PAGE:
Right before Porter leaves Rosie's apartment she tells him that he never even asked how she's been. He asks her if she needs money or something. She gets mad and throws a little statue at him but he easily catches it. As he turns aroudn she tells him that he sould go and get himself killed because she has to tell the Outfit that he's coming.
33s



Theatrical version
More material of Porter sitting at Val's bed before he wakes up.
2s

Alternate material
As Porter shows Val the picture of him and Rosie either version uses a different shot.
DC 0,5s longer

Director's Cut
Before Val is allowed to enter Carter's office one of the bodyguards frisks him. He finds three guns. Val is pissed off and poses as more important than he actually is. The bodyguard knows that.
60s



Theatrical version
Carter interupts Val right at the beginning of the conversation and tells him a proverbt: "Do not shit, where you eat. - or was ist live? - Do not shit, where you live. Yeah, I like that better."
14,5s



Theatrical version
Carter says that the Outfit investet time, money and training in Val after he listed the possibilities of dealing with the situation.
6s

Theatrical version
The end of the Val & arter scene is different. In the TV Val leaves and the bodyguard talks to Carter and wonders why he won't simply liquidate Val now. Carter takes this easy, he doesn't think a great deal of Val and doesn't believe he will survive by himself. But he shows interest in Porter, even if he can't understand why he willingly would challenge the entire Outfit für $70,000. He tells the bodyguard to handle Porter quietly without Bronson noticing.
73s



Director's Cut
Here the scene ends with Val posing in front of two men (presumably bodyguards) outside the building. He says Carter loves him. He pretends that this won't keep him awake at night. Unfortunately both bodyguards received a call from the outfit prior to Val's arrival. They both say goodbye, smiling. Val is on his own.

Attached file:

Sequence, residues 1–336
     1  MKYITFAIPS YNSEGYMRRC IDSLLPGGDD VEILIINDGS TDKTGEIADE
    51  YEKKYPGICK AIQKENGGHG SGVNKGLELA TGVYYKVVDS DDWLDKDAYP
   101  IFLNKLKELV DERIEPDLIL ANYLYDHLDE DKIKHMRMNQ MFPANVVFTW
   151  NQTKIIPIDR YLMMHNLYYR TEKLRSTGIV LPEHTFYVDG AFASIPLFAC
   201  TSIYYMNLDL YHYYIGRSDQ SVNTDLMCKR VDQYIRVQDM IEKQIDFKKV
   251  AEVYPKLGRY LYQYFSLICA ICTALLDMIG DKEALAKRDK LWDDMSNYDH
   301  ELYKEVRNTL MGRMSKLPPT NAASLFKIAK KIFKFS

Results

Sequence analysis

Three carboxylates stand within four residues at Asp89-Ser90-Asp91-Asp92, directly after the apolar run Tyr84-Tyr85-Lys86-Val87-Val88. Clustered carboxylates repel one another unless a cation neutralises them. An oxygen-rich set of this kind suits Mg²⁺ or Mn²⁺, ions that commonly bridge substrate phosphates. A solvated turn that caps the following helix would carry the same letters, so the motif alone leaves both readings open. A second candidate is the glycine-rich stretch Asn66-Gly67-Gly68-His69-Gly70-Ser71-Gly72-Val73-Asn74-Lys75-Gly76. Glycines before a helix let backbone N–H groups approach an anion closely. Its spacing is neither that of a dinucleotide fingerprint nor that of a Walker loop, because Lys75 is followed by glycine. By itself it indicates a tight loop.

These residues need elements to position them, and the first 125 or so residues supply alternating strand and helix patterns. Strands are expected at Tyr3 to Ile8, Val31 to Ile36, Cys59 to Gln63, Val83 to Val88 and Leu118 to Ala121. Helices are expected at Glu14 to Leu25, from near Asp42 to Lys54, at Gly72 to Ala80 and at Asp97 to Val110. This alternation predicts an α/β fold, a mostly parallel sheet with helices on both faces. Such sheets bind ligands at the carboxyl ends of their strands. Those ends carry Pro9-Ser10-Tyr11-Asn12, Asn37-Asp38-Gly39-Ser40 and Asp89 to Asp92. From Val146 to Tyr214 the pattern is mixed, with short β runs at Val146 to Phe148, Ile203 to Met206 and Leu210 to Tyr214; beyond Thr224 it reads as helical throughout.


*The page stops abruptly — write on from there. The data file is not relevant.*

Suddenly he yells at them "lone warrior"-style, claiming they are both useless since Porter sneaked by them the night before and entered his room. Then he yells to the sky that if something needs to be done right you gotta do it yourself. That's the American way.
46s



Alternate material
Right after that he calls Pearl. The DC shows him dialing and cuts right to the question if her friends arrived already. In the TV he first tells her that the Outfit won't hep him. She puts the phone aside and walks to a guy in the background whose tongue is stuck in a mouse trap and who won't stop screaming because of that. She punches him several times, yelling that he sould shut up because she's on the phone.
TV 15s longer



Theatrical version
After Porter has been hit by the car there's a little more footage of him on the ground with a very weird expression on his face.
4s



Theatrical version
The Chinese guy fiddles with his knife a moment longer.
0,5s

Alternate material
The editing during the scene in which the dog gets shot is different. The shots of the dog are mostly alternate takes and all the shots of Rosie are a few frames longer in the TV.
TV 2s longer



Alternate material